Even with weakness in some of Wall Street's favorite tech names, traders are hoping to see the Trump rally push the to new highs fairly soon.
But first, some strategists say the market may pause after two days of heady gains. Stock futures were lower Friday morning, after the surged to a record high Thursday might create the economic spark that has been missing in the years of low growth following the financial crisis.
For markets Friday, it is fairly quiet and the action in stocks might be the story. The Dow was up more than 5 percent already for the week as of Thursdy, the S&P 500 was 4 percent higher, but the Russell 2000 was up more than 7 percent. Nasdaq lags with a 3 percent gain.
There is one key Fed speaker Friday. That is Fed Vice Chairman Stanley Fischer, who speaks on the economy and monetary policy before the opening bell at 8:30 a.m. ET. There are also just a few earnings, including .
The Dow Thursday soared 218 points to 18,807, while the S&P rose 4 to 2,167. The S&P 500 is just about 1 percent away from its closing high of 2,190, set in August. The Nasdaq was the laggard, down 0.8 percent Thursday at 5,208 as tech names like and declined.
"It's a tricky tape, full of divergences," said Scott Redler, partner with T3Live.com. He said the market could take a before moving higher because of the already sharp gains in some sectors. He said seasonality could be a positive, referring to how the market often moves higher into the year end.
"I would think the S&P is not too far away from making new highs," he said.
Donald Trump's , tax cuts, more spending on defense, reworking Obamacare and an end of some Wall Street regulation has fired up rallies in many sectors. It has also caused a stunning sell-off in the Treasury market as traders sniff out rising inflation and the prospect of much more debt to pay for the big spending plans.
As a result, interest rates have risen swiftly, and that is one negative for tech stocks, but a huge advantage for financials and infrastructure names. However, the financial sector soared with big gains in and others.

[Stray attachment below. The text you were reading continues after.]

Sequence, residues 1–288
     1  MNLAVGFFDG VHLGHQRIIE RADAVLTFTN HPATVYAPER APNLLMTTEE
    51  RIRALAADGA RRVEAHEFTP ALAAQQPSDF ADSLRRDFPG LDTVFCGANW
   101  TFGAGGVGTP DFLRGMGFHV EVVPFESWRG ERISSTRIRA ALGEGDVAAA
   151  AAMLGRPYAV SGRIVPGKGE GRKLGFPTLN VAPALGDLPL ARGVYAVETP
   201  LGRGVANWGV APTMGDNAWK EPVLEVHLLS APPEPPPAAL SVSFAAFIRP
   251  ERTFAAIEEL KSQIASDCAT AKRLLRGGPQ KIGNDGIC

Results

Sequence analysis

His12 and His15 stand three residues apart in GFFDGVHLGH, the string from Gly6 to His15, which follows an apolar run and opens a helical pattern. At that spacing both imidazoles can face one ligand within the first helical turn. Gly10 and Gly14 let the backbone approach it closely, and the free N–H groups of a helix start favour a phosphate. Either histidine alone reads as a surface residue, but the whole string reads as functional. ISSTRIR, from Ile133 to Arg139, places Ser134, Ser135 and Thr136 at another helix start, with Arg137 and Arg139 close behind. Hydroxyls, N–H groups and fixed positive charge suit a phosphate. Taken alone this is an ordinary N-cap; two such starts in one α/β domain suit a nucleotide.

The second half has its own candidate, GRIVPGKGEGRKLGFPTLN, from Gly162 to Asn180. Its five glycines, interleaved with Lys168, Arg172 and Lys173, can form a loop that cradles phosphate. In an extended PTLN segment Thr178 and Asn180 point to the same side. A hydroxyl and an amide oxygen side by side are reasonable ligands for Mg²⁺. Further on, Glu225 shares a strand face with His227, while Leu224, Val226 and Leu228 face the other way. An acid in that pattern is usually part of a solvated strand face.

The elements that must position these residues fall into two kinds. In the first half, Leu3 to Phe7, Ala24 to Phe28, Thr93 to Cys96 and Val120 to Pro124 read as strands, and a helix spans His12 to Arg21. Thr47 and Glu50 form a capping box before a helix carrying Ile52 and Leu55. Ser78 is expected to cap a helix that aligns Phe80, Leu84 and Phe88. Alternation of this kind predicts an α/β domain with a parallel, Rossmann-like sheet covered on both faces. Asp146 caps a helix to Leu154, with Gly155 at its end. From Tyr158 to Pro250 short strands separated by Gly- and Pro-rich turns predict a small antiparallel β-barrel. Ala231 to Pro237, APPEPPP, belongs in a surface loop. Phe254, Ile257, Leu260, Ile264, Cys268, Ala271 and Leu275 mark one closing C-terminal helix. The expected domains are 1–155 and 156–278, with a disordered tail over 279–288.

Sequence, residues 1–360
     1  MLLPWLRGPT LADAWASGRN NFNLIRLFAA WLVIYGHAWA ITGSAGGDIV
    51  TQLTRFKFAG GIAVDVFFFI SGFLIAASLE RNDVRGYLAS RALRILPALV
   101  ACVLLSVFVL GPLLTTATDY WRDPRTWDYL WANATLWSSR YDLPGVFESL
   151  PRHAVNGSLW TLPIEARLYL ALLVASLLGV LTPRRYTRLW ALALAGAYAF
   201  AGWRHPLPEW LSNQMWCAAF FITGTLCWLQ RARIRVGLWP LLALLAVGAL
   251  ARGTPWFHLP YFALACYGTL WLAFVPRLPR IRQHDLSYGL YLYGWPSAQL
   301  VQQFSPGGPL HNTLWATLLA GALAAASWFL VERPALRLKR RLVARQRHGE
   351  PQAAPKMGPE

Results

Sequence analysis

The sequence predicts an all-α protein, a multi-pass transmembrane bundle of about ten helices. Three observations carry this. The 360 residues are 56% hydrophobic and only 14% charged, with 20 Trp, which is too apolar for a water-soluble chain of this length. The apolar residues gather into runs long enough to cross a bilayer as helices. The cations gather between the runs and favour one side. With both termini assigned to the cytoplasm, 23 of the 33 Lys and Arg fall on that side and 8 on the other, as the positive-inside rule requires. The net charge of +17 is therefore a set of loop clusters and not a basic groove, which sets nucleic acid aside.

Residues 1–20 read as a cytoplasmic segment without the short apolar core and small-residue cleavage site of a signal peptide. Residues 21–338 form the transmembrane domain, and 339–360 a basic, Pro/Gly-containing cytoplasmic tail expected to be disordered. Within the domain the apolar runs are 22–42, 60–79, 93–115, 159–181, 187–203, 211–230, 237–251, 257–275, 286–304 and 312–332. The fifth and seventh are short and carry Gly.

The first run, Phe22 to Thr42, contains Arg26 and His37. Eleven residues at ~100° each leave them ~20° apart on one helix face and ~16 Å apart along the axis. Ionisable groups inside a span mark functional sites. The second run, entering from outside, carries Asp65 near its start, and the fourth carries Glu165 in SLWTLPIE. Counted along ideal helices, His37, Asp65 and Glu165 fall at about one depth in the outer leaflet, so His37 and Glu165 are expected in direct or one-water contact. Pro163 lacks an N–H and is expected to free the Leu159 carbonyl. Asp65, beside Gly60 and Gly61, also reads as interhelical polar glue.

"I do see this as a bit of an overreaction to what he can do and what can happen. The real catalyst is things are getting better. We had a massively outperforming earnings period. Things were turning. Raw industrial commodities were rising fairly substantially before the election," said James Paulsen, chief investment strategist at Wells Capital.
Paulsen said he expects stocks to move higher longer term but they could take a pause. "I think the market's going to go higher, but short term I think it slows down a little bit," said Paulsen.
"Are we going to have a slow down over the next week or so? I think so … some of these moves are eye-popping," he said.
Aided by a Republican congress, Trump may be able to do away with some regulations on the financial sector. That along with a rising rate environment could be good news for financial firm profits.
"You're finally in a position where financials could really rip. You're going to get politics out of business for the first time in a very long time. There's just a massive rotation from what was hot and now it's not," said Patrick Boyle, managing director at BTIG.
Perhaps one of the more intriguing divergences is the sell-off in heavyweights like Facebook, Netflix, Amazon.com and Alphabet as money flows into names like Caterpillar and Goldman Sachs and Pfizer.
"There's a dose of skepticism because tech and high beta names didn't participate and have been weaker, but the strong sectors where money has rotated to have helped lift the market. The financials, industrials, materials and transports," said Redler.
Redler said the leadership of the market may be changing, and it may be that Facebook, Netflix and Amazon.com will no longer be the stocks traders look to first. "The generals of the market usually lead to new highs, but with a new administration maybe the generals are changing," he said.
The postelection drama in the bond market continued Thursday, and it is closed for Veterans Day on Friday. Stocks will trade at normal hours on Friday.
By late Thursday, the year Treasury yield, which affects home mortgages, was up to 2.15 percent, as bonds sold off. The yield moves inversely to the price.
"We had many once in a lifetime events this week," said George Goncalves, head of rate strategy at Nomura. "Everyone across the street is trying to calibrate in their heads where exactly can rates go."